Thousands of anti-racism protesters have gathered across the UK, defying calls from ministers and police chiefs to avoid mass gatherings.
Crowds of mostly young people on Saturday heard speeches in Parliament Square, London, declaring the beginning of the end of institutional racism, and observed a minute’s silence on one knee to commemorate black people killed by police in the UK.
“Institutional racism is rooted in housing, healthcare, the education system, the media, in fashion and beauty,” Imarn Ayton, 29, told the crowd through a megaphone. “It is rooted in recruitment and employment, in politics, in policing, in immigration, and the criminal justice system.
“It is seen but you cannot see it. It is everywhere but it is nowhere … Today is the day where we say goodbye to institutional racism.”
Some demonstrators then marched to the Home Office, led by a number of drummers, to demand justice for the Windrush generation. A larger group remained in Westminster, while others converged on the US embassy, with physical distancing mostly impossible because of the depth of the crowds throughout the capital.
Holding banners reading “there is a virus greater than Covid-19 and it’s called racism” and “the UK is not innocent”, protesters called for early age education about colonialism in schools and for an end to the disproportionate use of stop and search as the drizzle cleared and a festival atmosphere permeated.
“Police mentality needs to change, they need to be educated that this is not okay, stop and search is a prime example of how racist the UK is,” said a 24-year-old demonstrator who preferred to remain anonymous.
“They target black people, they target minorities, they know what they’re doing … And we need to teach children how the UK was funded by racism, [just like] America.”
Alex Kouam, 29, from west London, led chants calling for justice as a group of protesters passed Buckingham Palace.
“Evidently the UK is not innocent,” he said. “The Lammy report highlighted a number of discrepancies in the criminal justice system relating to black and minority ethnic people. But of course the government hasn’t acted upon it. This is a clear indication of institutional racism in the UK.”
There was a large police presence in London, as elsewhere, following several clashes this week between officers and a handful of protesters, and barriers outside No 10 were more robust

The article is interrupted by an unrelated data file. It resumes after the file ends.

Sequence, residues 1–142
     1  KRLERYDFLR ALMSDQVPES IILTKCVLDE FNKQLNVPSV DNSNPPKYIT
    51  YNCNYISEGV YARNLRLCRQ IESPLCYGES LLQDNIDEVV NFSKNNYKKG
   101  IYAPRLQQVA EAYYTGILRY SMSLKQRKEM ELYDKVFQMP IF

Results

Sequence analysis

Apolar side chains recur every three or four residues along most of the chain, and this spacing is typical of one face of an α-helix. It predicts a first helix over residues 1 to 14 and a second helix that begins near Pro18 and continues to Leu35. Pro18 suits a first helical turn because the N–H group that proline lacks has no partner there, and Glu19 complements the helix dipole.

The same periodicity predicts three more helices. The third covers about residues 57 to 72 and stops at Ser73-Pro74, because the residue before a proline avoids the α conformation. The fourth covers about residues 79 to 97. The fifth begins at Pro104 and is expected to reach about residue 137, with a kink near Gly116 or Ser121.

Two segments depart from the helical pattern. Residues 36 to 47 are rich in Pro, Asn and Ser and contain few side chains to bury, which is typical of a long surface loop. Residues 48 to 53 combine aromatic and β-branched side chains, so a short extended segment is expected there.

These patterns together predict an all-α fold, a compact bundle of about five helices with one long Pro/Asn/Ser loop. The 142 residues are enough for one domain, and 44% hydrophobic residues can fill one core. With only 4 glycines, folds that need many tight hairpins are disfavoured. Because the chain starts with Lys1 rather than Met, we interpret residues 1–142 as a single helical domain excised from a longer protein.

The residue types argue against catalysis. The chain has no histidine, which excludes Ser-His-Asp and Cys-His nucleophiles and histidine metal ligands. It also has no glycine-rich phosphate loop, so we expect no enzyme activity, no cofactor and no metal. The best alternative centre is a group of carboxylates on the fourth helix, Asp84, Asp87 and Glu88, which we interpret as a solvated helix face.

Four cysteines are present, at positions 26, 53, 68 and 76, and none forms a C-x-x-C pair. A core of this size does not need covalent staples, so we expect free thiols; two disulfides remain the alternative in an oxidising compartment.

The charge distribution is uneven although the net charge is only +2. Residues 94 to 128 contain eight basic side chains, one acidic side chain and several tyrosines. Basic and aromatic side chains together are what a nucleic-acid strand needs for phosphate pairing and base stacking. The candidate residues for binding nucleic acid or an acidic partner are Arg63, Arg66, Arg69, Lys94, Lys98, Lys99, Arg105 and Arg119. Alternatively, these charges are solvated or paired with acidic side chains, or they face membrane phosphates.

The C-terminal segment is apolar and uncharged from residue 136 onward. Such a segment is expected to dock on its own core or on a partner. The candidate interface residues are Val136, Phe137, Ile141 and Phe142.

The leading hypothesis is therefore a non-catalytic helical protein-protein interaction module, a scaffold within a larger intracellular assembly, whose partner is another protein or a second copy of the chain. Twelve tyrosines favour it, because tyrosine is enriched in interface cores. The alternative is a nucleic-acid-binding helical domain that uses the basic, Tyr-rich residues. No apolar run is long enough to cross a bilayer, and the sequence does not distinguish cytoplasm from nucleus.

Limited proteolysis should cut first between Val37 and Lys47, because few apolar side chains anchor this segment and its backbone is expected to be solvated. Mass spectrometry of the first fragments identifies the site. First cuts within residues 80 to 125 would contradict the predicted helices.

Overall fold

A couple of officers had knelt as an act of solidarity on Wednesday, but the Metropolitan police commissioner, Cressida Dick, told officers not to do so again. As of 5.30pm the demonstration passed peacefully, though police officers outside Downing St had several plastic bottles thrown at them and were subject to taunts and jeers throughout the afternoon.
Hundreds chanted “Boris Johnson is a racist” on Whitehall, where flares were lit, and a white man made racist remarks, prompting a person to throw a drink at him. He was led away by police following a tense standoff that saw police push protesters back after one was hit in the face with a bottle.
About 15,000 people were estimated to have demonstrated in Manchester, while thousands more attended protests in Sheffield, Glasgow, Cardiff, Leicester, and Milton Keynes, and in many other towns and cities in the UK to demand an end to systemic racism and in solidarity with George Floyd, the black man who died after a white police officer knelt on his neck in Minneapolis almost a fortnight ago.
Chanting, clapping in unison and holding homemade placards saying “black lives matter”, a crowd filled Piccadilly Square in Manchester to listen to speakers. They fell silent at 1.45pm and knelt to pay their respects to Floyd.
The world heavyweight champion boxer Anthony Joshua joined the protest in his hometown of Watford.
“We can no longer sit back and remain silent on this senseless, unlawful killings and sly racism on another human being – based on what? Only their skin colour,” the 30-year-old said. “We need to speak out in peaceful demonstrations – just like today, so well done Watford. We must not use a demonstration for selfish motives and turn it into rioting and looting.”
Several hundred marchers gathered in Newcastle while thousands more watched an online protest organised in the north-east. Dr Christina Mobley, a history lecturer who came to Newcastle University from the University of Virginia in Charlottesville, attended with her five-year-old daughter.
The historian, who is leading a project to decolonise the university curriculum, said: “I absolutely felt the need to be here today. The organisers have done an amazing job. It is really powerful to see such a young, motivated crowd coming out and organising themselves, handing out masks and working with the police.”
Many wore face coverings and gloves as they ignored warnings from senior government ministers and police chiefs not to attend large gatherings over fears of coronavirus transmission.
The home secretary, Priti Patel, said on Saturday that although she understood the right to protest the UK was in the midst of a pandemic.
“I’d say to those that want to protest: please don’t,” she said, echoing the health secretary, Matt Hancock. “The regulations are very clear in terms of gatherings and mass gatherings in particular. We must put public health first at this particular time.”
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